Game Review: Men of War: Assault Squad
The basics of Assault Squad fit in with the likes of its WWII real-time strategy predecessors. The structure of the game is simple, and the interface is so intuitive that you don't need to refer to the manual or go through a tutorial (which you don't get anyway). Scenarios are tackled by starting at the south end of the map and blitzkrieging your way to the north, blowing apart progressively tougher enemy troop emplacements and fortifications as you go. If you capture flag-bedecked strategic points on the battlefields, you're rewarded with unit points that you can use to order up new troops, tanks, mortars, and naval bombardments.
And that's pretty much it. There are no bases to build or resources to manage other than the points needed for reinforcements. Battles are available in two flavors. Skirmish features 15 huge one-off scenarios where you lead the troops of the
USA, Commonwealth, Soviet Union, Germany, or against their respective enemies. Settings range from wartorn Japan France in the wake of the Normandy invasion, to the bleached-out deserts of North Africa, to the jungles of Southeast Asia. You can also take the fight online. There are three versus battle modes pitting as many as 16 players against one another on massive maps, along with a new cooperative mode where you work together with up to three friends on missions against the AI. The latter is Men of War at its best, since you wage joint warfare that emphasizes the combined-arms teamwork design of the entire game.
And the game doesn't pull any punches with its combined-arms focus. You cannot win battles in Assault Squad by simply band-selecting a bunch of tanks or troops and hurling them at the enemy lines while the generic RTS martial music stomps away in the background and your soldiers holler battle cries like "That one's for Uncle Sam!" While you might roll Stuarts over the odd little guy, opposing infantry comes with antitank grenades and rocket launchers that can shred your supposedly mighty armor columns in mere moments. So you have to use all of your resources, switching from basic infantry to antitank specialists to tanks to mortars to snipers to elite nation-specific units like the Rangers and the Red Guards as the occasion fits. Strategic planning is also vital. Using every scrap of scrub, broken wall, and flaming half-track for cover is crucial to keep your lads alive and fighting for God and country. It's easy to duck and cover, too, because the interface automatically shows you ghost positions of troops behind the selected terrain before you issue any orders. Do this smartly and keep one move ahead of the bad guys with flanking maneuvers, and you just might live long enough to get a Dear John letter from back home.
Battles play out a bit like addictive rock-paper-scissors puzzles where you're always searching for the right tactics to use in the right situations. You aren't locked into solitary solutions, however. The sheer variety of units that you can deploy, along with the amazingly detailed layout of the destructible maps, means that every enemy position can be taken out in almost limitless ways. Vehicles can be repaired, enemies can be looted for hardware, buildings can be occupied for firing positions or destroyed to clear a shooting angle, and so on. Enemy AI is fantastic as well. While you have to take a few moments to think about your next steps, you can't spend too much time sitting around because aggressive enemy forces quickly zero in on your location and obliterate it. Some of the moves that the enemy can pull off are nothing short of astounding. Enemy forces are ruthless and not above resorting to desperate measures in desperate situations. For instance, Nazis might send armored cars on suicide missions that roll over mortars to destroy them before being blown apart by the SAS. So when you do win a scenario, you get a great flush of accomplishment found more often in cerebral wargames than in blow-'em-up RTS affairs.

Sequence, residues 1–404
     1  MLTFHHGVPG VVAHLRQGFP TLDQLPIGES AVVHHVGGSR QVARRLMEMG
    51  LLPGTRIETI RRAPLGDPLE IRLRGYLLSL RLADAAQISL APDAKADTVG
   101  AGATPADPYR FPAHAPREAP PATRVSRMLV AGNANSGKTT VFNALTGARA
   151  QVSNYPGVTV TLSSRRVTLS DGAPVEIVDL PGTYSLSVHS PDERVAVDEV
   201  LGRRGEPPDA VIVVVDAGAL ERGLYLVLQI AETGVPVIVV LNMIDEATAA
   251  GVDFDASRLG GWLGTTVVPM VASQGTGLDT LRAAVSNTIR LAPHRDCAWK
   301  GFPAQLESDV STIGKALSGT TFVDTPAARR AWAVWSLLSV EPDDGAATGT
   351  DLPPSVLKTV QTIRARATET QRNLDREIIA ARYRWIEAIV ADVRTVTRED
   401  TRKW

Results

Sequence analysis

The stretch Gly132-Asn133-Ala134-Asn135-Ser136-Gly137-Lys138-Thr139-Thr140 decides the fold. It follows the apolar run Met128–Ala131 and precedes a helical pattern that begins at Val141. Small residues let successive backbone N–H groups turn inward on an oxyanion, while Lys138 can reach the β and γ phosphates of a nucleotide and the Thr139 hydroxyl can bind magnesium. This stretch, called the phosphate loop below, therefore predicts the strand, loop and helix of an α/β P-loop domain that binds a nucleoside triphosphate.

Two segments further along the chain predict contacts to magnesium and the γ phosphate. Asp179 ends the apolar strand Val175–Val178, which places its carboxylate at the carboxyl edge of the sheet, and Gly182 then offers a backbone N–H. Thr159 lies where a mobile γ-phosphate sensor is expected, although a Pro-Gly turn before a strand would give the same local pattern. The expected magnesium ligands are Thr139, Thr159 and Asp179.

At times, however, battles have to be fought a little too meticulously, and micromanagement is often necessary. You need to place single troops on captured guns, split squads up to repair vehicles, and even call out the odd unfortunate grunt to make a suicide run toward enemy pillboxes or armor that you can't take out in any other fashion. This results in some fantastic moments, but it also drags missions out. Enemy aggressiveness can be over the top. Tanks and troops flow into the fray from offscreen so often in some missions that you find yourself refighting battles for strategic points over and over again. It's a somewhat realistic setup that forces you to station troops at vital locations or lose them to the enemy, but it also means some tedium because you have to take a cautious approach to every move you make. Instant enemy reinforcements also seem like a cheat. You finally get a sector of the map pacified and turn your attentions elsewhere, and whammo! Here come a couple of panzers and some pals in army boots from beyond the fog of war at the edge of the screen. This can be an annoyance in the single-player skirmishes because the maps are huge and the action typically takes place on at least two or three fronts simultaneously. In some ways, the missions here are geared more for the co-op mode than for going it solo because at times you really need a buddy to watch your back.
When you get right down to it, Men of War: Assault Squad is a tactical WWII RTS game for those who have mastered the somewhat easier-to-handle Company of Heroes. This is a challenging battlefield experience somewhat closer to a wargame than to a traditional RTS game and as such is geared to more of a hardcore crowd. It isn't such a great option for tank rushers who don't have a lot of time to spare to learn combined-arms intricacies. Be aware of these demands going in, and you will have a great time refighting this war.